Growth Mind-Set

Man often becomes what he believes himself to be. If I keep on saying to myself that I cannot do a certain thing, it is possible that I may end by really becoming incapable of doing it. On the contrary, if I have the belief that I can do it, I shall surely acquire the capacity to do it even if I may not have it at the beginning.” – Mahatma Gandhi

My mom, who will turn 83-years-old in a few weeks, just put on a piano concert for her senior living residence. It’s something she’s done since the pandemic started, trying to fill in the entertainment schedule especially for those who can’t readily leave their apartments. She has to do three performances to keep the audiences small, they performances have been broadcast over the in-house tv and she learns new music for each one.

All that is to say, my mom is a pretty confidence and very capable person. She still practices speaking Russian, a second language she learned in college and even typing out messages to her Russian friends in her What’s App phone application.

But when something goes wrong on her phone and computer, she brings it to me. Often she’s already figured out the solution but she just wants me to confirm it. Which I am more than happy to do. But it always amazes me and amuses me that she has a blind spot in her confidence.

According to Katty Kay and Claire Shipman in their book, The Confidence Code, this is not at all unusual, especially with women. Drawing on the research of Stanford professor, Carol Dweck, they describe:

“Most women think their abilities are fixed, Dweck told us. They’re either good at math or bad at math. The same goes for a host of other challenges that women tend to take on less often than men do: leadership, entrepreneurship, public speaking, asking for raises, financial investment, even parking the car. Many women think, in these areas, that their talents are determined, finite, and immutable. Men, says Dweck, think they can learn almost anything.”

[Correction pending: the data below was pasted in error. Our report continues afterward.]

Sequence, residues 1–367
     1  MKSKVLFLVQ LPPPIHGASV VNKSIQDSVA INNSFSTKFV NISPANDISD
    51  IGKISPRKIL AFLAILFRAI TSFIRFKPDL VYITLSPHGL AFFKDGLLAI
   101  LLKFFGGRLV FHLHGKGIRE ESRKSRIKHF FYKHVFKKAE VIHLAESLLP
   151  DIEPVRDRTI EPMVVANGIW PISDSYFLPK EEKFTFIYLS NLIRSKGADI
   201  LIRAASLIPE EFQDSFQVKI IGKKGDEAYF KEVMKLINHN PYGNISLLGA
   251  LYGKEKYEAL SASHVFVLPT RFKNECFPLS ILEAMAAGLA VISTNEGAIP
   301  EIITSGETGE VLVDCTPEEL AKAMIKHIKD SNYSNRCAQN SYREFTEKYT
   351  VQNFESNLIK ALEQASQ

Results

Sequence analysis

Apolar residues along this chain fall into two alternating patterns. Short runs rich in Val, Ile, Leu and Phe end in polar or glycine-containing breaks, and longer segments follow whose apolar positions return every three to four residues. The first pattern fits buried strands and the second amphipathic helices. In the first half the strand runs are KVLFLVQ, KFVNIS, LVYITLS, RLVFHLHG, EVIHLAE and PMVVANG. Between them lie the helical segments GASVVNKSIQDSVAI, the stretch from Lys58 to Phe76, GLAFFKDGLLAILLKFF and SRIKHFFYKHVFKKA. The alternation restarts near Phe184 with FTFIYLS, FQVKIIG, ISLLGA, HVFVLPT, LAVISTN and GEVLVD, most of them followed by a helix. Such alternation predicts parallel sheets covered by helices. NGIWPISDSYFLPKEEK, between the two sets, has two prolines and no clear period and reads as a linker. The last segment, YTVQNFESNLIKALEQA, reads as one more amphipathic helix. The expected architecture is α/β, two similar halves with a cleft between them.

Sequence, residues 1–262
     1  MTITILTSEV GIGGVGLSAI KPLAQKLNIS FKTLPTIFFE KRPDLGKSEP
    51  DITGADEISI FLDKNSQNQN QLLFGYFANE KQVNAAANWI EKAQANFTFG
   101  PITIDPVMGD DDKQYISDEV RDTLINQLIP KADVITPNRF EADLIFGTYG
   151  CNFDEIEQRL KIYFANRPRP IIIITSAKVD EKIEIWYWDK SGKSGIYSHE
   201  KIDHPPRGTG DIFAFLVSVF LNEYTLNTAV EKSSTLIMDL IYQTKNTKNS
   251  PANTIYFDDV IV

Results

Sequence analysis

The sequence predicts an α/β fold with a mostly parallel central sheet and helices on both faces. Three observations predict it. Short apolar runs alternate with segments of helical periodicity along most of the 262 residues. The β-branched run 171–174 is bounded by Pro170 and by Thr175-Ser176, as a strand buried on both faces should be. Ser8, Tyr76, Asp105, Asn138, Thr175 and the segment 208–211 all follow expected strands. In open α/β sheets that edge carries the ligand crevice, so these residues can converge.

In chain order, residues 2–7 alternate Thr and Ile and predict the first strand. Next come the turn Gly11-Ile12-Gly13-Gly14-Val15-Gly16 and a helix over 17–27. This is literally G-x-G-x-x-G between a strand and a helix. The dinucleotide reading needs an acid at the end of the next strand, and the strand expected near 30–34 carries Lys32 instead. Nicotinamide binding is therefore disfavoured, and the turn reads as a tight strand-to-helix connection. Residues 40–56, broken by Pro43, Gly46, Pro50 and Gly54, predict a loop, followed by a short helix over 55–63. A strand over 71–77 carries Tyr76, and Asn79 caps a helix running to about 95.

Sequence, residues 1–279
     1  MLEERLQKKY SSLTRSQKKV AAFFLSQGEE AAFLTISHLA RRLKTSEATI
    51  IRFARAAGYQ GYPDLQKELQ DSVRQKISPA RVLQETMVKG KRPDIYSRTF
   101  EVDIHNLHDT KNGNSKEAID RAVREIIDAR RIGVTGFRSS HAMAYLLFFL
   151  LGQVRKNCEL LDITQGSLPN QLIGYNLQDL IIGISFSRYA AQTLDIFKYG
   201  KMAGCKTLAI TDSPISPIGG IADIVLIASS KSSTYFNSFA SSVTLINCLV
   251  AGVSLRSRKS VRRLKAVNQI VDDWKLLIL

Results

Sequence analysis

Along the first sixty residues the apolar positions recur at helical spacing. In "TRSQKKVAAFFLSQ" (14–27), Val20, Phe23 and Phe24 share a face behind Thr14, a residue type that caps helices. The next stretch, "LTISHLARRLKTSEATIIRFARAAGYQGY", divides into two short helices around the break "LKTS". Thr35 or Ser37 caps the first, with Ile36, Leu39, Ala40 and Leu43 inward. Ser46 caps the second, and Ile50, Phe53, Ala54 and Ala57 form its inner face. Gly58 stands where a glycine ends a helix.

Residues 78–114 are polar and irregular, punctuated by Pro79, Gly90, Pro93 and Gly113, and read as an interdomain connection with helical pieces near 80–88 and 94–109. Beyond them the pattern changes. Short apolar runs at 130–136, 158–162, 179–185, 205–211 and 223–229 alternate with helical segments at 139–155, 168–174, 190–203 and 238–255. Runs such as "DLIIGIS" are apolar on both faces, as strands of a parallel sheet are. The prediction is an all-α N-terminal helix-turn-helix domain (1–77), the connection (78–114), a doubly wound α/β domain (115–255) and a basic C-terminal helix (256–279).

The Confidence Code by Katty Kay and Claire Shipman

And the way past that fixed assessment of abilities is to adopt a growth mind-set according to Dweck. It ties with confidence because “Confidence requires a growth mind-set because believing that skills can be learned leads to doing new things. It encourages risk, and it supports resilience when we fail.”

When I first had children, I remember reading several articles about not praising your child for being smart but instead to focus on praising them for their efforts. It turns out that this is exactly the thing for building our own growth mind-set as well. When our internal dialogue is focused on effort and improvement, we reinforce the internal story that we can learn.

Sometimes we have blind spots in our abilities on purpose. We don’t learn things because our partner, friend or child can do it for us. It works fine for us as long as when life requires us to do those tasks, we adopt that growth mind-set, believe we can and then support that with the patience and praise for our efforts as we learn.

I’ve seen my mom do that in these seven years after my dad passed in the many things that were his specialties like taxes and car maintenance. Either through nature or nurture, I think my mom has a growth mind-set. I’m happy to be her computer help but notice that when I do it, she usually looks over my shoulder to see what I’m doing. Maybe by the time she’s in her mid-eighties, she’ll no longer need me for tech support.

This is my third post in the series delving into confidence. The first was I Can and the second was Fear and Confidence.

(featured photo from Pexels)

41 thoughts on “Growth Mind-Set

  1. I really connected with what you wrote about how sometimes, we don’t learn to do things, because we know our spouse/partner can do them for us. I’ve found myself wanting to learn a lot of those things lately, with my husband’s health as poor as it is. I have learned to do maintenance on and to operate much of our outdoor equipment (log splitter, weedeater, etc.). It feels great to contribute to our household in these ways, and just to be able to say that I can do it! Love these posts on confidence, Wynne 🙂